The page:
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Exec plugin
Type: other
Callbacks: config, init, notification, read, shutdown
Status: supported
First version: 4.0
Copyright: 2007–2010 Florian “octo” Forster
2007–2009 Sebastian Harl
2008 Peter Holik
License: GPLv2
Manpage: collectd.conf(5)
List of Plugins



The Exec plugin executes scripts / applications and reads values back that are printed to STDOUT by that program. This allows you to extend the daemon in an easy and flexible way.

The downside is that executing external programs is very inefficient and always a potential security concern. collectd tries to counter these problems with the following options / mechanism:

It is ensured, that only one instance of the program is executed by collectd at any time. Because executed programs can submit as many values as they want, it is common to let the custom program run in a loop, so that they don't have to be started frequently. Especially with scripts this is a big performance gain, because the interpreter doesn't need to be started over and over again and the script is parsed only once. The required memory for the interpreter to stay in memory is the trade-off though.

Scripts that are implemented like that usually have the following form:

 while sleep "$INTERVAL"; do
   echo "PUTVAL \"$HOSTNAME/exec-magic/gauge-magic_level\" interval=$INTERVAL N:$VALUE"

The security concerns are addressed by forcing the plugin to check that custom programs are never executed with superuser privileges. If the daemon runs as root, you have to configure another user ID with which the new process is created. To circumvent missing access privileges to files, you need to lean on the unix group concept. I.e. your script requires access to /var/log/messages, which is owned by root, its common practice to have this file being group readable by the admin-group. Given the used ID corrosponds to MyWatcherUser, you need to add that user to the admin group via /etc/group (or what else manages users / groups on your system).

This plugin is a generic plugin, i.e. it cannot work without configuration, because there is no reasonable default behavior. Please read the Plugin exec section of the collectd.conf(5) manual page for an in-depth description of the plugin's configuration. Information about the syntax the custom extension scripts must write to STDOUT can be found in the collectd-exec(5) manual page and on the Plain text protocol wiki page.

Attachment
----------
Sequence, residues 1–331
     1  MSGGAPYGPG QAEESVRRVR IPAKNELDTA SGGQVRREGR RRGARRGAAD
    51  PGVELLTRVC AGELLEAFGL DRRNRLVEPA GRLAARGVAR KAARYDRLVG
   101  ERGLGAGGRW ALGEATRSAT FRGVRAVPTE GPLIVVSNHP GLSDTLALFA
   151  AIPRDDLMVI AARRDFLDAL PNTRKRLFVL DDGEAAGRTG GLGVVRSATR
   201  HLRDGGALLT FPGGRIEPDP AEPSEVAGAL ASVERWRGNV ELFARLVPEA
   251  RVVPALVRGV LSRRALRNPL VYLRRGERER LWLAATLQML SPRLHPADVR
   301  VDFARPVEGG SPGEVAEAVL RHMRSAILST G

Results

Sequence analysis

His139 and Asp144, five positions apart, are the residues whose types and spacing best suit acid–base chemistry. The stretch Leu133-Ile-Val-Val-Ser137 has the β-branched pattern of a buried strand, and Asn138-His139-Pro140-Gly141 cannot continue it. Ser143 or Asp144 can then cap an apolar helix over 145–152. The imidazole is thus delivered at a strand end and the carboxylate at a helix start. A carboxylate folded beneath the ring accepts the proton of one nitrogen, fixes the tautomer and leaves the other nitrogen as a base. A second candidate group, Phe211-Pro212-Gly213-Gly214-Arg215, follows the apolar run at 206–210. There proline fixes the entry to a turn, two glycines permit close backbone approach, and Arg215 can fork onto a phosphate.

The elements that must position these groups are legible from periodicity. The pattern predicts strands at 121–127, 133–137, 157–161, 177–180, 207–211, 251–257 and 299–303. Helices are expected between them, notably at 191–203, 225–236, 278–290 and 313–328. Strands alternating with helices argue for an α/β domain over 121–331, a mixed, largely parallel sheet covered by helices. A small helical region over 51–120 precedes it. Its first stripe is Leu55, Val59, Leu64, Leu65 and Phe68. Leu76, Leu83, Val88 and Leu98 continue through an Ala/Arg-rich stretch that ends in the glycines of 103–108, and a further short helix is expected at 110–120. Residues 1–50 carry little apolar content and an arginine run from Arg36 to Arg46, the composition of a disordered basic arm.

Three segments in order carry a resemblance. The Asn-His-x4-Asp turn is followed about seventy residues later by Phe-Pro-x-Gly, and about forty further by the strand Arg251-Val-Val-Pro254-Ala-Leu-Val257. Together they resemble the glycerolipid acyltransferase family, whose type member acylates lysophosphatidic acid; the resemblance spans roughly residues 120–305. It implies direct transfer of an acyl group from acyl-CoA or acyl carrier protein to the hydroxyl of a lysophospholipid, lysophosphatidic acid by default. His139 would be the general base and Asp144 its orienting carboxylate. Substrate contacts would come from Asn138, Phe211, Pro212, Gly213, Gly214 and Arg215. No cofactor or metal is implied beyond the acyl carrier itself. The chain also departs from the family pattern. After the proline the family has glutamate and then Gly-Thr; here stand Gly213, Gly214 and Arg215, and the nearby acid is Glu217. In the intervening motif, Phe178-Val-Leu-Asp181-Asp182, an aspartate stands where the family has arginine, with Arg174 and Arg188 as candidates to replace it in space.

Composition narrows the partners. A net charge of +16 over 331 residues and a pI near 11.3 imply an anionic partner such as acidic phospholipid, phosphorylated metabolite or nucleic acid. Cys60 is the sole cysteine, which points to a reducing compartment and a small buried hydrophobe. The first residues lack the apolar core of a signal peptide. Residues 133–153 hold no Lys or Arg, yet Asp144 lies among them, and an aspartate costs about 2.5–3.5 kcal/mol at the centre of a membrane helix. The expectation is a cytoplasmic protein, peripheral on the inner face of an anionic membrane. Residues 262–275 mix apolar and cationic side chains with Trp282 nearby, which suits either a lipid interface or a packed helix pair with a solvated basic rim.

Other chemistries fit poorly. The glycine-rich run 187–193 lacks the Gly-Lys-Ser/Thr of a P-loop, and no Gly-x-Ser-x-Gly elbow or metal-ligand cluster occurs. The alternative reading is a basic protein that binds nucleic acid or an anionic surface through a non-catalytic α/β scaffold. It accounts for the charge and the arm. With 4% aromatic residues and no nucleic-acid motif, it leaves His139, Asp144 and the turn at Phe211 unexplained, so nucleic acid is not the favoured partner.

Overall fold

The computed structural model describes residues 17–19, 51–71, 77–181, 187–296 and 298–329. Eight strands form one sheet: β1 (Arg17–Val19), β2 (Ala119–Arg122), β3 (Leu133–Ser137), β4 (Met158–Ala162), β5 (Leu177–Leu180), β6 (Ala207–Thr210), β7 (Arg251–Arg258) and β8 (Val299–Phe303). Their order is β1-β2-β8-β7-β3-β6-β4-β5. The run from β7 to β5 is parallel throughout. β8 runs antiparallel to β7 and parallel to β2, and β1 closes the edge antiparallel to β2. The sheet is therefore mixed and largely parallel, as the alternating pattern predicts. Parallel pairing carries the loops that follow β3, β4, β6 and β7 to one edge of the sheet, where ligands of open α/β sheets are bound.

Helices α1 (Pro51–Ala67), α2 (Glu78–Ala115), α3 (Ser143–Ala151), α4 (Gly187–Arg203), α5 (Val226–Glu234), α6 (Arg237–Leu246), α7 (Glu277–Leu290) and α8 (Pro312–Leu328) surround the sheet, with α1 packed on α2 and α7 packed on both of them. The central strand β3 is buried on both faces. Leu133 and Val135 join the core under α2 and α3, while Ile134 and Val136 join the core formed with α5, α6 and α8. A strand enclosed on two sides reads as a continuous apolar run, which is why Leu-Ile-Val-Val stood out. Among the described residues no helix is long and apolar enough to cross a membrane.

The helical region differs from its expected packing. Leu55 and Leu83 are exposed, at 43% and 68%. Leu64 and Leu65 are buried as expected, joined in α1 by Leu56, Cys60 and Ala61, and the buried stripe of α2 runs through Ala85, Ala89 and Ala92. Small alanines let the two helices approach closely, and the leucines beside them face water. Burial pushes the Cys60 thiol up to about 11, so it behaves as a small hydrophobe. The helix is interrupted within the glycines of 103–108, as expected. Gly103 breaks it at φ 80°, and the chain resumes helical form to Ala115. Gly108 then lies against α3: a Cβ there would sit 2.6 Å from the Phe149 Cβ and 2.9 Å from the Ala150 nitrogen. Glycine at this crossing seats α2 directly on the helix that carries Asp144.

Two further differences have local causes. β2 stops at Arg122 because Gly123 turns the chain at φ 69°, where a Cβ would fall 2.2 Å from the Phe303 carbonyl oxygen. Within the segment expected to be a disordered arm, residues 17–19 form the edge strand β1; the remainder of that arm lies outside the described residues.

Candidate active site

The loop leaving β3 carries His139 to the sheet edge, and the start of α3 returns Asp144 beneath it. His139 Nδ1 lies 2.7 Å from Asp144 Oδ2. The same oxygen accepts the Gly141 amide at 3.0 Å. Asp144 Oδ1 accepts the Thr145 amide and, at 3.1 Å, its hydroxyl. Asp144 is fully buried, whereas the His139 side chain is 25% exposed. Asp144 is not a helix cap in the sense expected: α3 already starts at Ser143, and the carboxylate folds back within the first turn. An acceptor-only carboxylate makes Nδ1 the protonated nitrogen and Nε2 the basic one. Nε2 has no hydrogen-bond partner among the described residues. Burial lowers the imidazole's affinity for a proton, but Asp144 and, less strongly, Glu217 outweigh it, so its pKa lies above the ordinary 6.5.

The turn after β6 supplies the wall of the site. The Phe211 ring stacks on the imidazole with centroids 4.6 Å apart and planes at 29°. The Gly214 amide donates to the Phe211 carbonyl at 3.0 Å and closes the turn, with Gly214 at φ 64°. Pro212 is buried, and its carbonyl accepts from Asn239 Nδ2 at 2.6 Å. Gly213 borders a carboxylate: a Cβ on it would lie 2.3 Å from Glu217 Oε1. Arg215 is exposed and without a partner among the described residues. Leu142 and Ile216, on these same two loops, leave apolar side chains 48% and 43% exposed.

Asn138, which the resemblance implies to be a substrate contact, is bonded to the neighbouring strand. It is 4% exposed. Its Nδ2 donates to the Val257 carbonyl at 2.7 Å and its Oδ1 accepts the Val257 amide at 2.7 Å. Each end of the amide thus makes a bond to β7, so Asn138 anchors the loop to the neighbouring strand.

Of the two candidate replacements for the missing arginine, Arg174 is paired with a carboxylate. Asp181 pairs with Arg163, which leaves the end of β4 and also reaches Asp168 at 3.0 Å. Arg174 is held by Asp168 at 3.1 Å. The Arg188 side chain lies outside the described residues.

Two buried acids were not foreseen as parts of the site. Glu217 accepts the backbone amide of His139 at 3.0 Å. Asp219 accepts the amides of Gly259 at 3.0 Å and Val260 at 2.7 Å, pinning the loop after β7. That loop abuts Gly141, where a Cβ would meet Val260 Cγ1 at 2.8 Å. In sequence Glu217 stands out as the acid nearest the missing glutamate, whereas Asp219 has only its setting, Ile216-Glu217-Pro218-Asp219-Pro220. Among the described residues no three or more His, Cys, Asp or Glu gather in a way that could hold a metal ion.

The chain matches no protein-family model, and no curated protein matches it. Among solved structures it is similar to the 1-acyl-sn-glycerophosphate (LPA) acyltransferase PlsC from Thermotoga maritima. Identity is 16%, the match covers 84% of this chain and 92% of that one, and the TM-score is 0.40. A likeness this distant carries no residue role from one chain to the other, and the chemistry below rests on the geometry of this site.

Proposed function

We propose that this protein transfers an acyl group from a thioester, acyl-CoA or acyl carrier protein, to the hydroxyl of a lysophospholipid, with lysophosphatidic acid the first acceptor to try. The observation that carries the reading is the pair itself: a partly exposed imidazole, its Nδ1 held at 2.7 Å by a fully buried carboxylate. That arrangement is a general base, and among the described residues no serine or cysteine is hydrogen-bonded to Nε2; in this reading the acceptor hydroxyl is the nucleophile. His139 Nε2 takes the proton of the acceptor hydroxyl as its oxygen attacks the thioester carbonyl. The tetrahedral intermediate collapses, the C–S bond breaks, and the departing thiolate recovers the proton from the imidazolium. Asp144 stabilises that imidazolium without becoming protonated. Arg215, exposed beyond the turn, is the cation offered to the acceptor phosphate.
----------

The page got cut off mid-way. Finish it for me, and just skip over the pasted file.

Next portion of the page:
Starting with version 4.9 the Exec plugin sets the COLLECTD_INTERVAL and COLLECTD_HOSTNAME environment variables. The former is set to the global interval setting, the latter to the global hostname.


<Plugin exec>
  Exec "myuser:mygroup" "myprog"
  Exec "otheruser" "/path/to/another/binary" "arg0" "arg1"
  NotificationExec "user" "/usr/lib/collectd/exec/handle_notification"

Example graph


(Data for this graph was collected using the contrib/exec-smartctl script which can be found in contrib/.)

Example scripts

While the syntax required by the Exec plugin is documented in detail on the Plain text protocol page, example scripts are usually much easier to understand. The following scripts might be of interest for you:


  • none


Output buffering

A lot of programming environments (I/O-libraries, script interpreters) use buffered I/O when writing to the standard output. This may mean that data you're printing to the collectd process may be delayed until a 4 kByte buffer gets filled (or something around that size), which can be several minutes later.

To avoid this problem is it advisable to flush this buffer before calling sleep. Many environments also provide means to disable buffering, for example the following will deactivate buffering on stdout using the standard C library:

 /* This needs to be done before *anything* is written to STDOUT! */
 status = setvbuf (stdout,
     /* buf  = */ NULL,
     /* mode = */ _IONBF, /* unbuffered */
     /* size = */ 0);
 if (status != 0)
   perror ("setvbuf");
   exit (EXIT_FAILURE);

This Perl snipped will enable automatic flushing after each write:

 # Enable auto flush
 $| = 1;

In Ruby you'd do something like:

 # Enable auto flush
 STDOUT.sync = true

Heads up: While this behavior is merely confusing when you include timestamps in your messages, it may lead to invalid value lists if you use the N (now) abbreviation: Since the time is only filled in when collectd receives the values, it may be several minutes late. If the same identifier is contained in the buffer multiple times, all values will bear the same time stamp and all but the first value will be lost.

Heads up 2: The stdout macro, which is specified by POSIX and used by many environments as the underlying I/O mechanism, behaves differently when connected to a terminal and to a pipe: When connected to a terminal, the output is "line buffered", i.e. the buffer is flushed when a newline is printed. When connected to a pipe, the stream is "fully buffered", i.e. output is only actually written if a fixed size buffer is full. This means that the output can actually appear immediately when testing the code in the command line, but still suffer from the problem when actually running with collectd.

See also

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